Guided Notes about the Earth’s Atmosphere Chapter 11, Section 1

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Guided Notes about the
Earth’s Atmosphere
Chapter 11, Section 1
1. About 99 percent of the earth’s
atmosphere is composed of nitrogen
and oxygen. The percentages of
these components are critical to life
on earth.
2. The amount of atmospheric water
vapor on Earth is constantly changing.
It can range from as much as 4
percent to as little as zero.
3. The level of both carbon dioxide and
water vapor are critical because they
regulate the amount of energy that the
atmosphere absorbs.
4. When water changes from one state
to another, heat is either absorbed or
released, and this greatly affects
atmospheric motions that create
weather and climate.
5. Ozone is a gas formed by the addition of a
third oxygen atom to an oxygen molecule.
It is important in the upper atmosphere
because it absorbs ultraviolet radiation
from the sun. Without an ozone layer, our
skin could not tolerate exposure to the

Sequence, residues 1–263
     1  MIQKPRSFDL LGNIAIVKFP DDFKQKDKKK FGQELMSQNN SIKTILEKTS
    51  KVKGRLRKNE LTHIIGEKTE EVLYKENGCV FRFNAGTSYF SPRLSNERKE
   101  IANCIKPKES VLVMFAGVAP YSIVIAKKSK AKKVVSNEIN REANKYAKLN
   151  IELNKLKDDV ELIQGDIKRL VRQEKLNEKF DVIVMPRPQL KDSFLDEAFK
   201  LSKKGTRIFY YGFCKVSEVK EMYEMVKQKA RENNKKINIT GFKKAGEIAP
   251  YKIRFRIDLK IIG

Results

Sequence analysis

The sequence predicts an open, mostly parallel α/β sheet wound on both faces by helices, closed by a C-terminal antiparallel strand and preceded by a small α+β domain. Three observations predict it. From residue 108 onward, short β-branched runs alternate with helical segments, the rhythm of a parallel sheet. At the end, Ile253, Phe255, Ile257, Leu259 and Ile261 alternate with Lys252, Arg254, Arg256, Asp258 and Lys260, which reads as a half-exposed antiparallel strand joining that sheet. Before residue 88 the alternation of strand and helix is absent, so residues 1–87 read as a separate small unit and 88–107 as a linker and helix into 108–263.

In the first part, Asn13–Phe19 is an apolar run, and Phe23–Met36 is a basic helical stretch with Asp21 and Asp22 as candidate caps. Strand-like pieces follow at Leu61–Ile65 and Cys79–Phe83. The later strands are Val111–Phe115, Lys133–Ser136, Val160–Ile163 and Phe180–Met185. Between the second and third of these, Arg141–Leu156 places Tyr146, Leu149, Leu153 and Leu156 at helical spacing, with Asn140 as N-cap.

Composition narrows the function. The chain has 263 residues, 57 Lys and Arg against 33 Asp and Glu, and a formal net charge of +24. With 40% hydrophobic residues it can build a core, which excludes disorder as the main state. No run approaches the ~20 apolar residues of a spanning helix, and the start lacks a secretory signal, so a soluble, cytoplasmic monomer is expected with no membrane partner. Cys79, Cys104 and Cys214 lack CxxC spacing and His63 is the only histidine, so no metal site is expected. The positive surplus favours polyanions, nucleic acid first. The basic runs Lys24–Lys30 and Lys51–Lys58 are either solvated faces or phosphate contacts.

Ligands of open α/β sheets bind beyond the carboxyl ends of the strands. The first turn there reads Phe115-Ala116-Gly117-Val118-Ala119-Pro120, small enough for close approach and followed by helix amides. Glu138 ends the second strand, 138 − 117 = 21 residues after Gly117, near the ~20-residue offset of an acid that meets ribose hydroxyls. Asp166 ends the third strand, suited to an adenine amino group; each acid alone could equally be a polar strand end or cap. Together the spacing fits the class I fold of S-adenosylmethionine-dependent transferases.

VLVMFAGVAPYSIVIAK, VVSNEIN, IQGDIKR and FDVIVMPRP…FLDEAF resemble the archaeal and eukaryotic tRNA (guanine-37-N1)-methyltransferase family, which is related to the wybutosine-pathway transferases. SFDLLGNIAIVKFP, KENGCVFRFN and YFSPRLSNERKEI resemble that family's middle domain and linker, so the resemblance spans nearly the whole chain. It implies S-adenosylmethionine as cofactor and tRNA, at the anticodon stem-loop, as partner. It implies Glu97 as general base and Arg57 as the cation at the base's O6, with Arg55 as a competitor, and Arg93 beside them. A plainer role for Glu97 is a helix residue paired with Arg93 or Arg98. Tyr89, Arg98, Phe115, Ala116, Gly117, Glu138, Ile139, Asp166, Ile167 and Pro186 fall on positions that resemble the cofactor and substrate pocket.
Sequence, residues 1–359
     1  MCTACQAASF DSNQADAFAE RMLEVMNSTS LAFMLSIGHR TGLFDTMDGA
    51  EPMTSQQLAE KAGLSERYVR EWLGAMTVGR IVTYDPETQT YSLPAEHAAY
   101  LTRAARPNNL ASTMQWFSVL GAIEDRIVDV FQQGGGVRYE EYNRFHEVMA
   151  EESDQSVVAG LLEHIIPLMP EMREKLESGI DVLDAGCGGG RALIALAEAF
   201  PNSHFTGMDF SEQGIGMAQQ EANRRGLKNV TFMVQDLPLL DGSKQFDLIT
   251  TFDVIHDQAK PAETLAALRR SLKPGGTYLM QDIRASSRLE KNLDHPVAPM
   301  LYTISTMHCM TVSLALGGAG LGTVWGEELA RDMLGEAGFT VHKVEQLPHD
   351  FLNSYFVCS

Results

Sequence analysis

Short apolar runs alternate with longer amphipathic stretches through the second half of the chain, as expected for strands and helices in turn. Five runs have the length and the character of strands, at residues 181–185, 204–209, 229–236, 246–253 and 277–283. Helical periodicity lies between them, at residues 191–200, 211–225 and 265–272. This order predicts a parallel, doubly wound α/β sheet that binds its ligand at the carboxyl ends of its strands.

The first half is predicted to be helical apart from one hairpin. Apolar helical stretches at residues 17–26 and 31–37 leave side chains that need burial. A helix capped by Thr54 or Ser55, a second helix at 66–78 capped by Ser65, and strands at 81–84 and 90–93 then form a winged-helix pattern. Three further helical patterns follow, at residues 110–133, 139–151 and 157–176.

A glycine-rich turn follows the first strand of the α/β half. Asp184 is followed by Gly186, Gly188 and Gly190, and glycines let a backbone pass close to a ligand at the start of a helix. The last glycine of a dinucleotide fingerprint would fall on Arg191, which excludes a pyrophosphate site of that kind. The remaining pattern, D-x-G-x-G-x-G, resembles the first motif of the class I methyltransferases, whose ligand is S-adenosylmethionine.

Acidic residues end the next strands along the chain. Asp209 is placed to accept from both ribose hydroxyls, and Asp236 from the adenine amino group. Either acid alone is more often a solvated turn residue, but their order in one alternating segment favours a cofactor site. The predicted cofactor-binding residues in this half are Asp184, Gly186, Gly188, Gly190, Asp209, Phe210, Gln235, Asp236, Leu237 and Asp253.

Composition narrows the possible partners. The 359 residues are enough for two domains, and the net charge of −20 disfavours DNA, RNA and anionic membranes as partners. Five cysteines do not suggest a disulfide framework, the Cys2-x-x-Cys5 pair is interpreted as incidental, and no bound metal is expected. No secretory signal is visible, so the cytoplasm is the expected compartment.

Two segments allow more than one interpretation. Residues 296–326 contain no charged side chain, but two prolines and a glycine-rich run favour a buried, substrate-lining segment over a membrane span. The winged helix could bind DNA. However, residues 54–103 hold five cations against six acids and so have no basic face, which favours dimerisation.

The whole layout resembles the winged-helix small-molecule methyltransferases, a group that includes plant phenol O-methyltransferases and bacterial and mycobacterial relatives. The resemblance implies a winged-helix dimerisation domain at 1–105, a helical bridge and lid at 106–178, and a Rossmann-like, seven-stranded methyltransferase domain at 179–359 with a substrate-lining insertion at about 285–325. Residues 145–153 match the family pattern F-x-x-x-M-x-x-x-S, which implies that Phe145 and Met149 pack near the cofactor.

Sun.
6. The troposphere contains most of the
mass of the atmosphere, including the
water vapor. This is the layer in which
most weather takes place, and it is
characterized by a decrease in
temperature from bottom to top.
7. The stratosphere is made up
mainly of concentrated ozone,
and it increases in temperature to
the top of the layer.
8. The Sun is shining on and warming
some portion of the Earth’s surface at
all times through the method of
energy transfer called radiation.
9. While the Earth is absorbing solar
radiation, it is also continuously
sending energy back into space. Only
about 50% of incoming solar radiation
is absorbed by the Earth’s surface.
10. Over the course of a year, Earth sends
back into space just about as much energy
as it receives from the Sun. If the Earth
sent back too much, it would gradually cool
off. If it sent back too little, it would warm
up to potentially dangerous levels.
11.The energy radiated by Earth’s
surface is absorbed by the
atmosphere and warms air through
the processes of conduction and
convection.
State how conduction affects the
atmosphere:
 Energy is transferred from the particles of air
near the earth’s surface to the particles of
air in the lowest layer of the atmosphere
 Conduction only affects a very thin
atmospheric layer near the earth’s surface
13.Convection is the transfer of energy by the
flow of heated matter. As warm air rises, it
expands and starts to cool. When it cools
enough, it begins to sink because it
increases in density.

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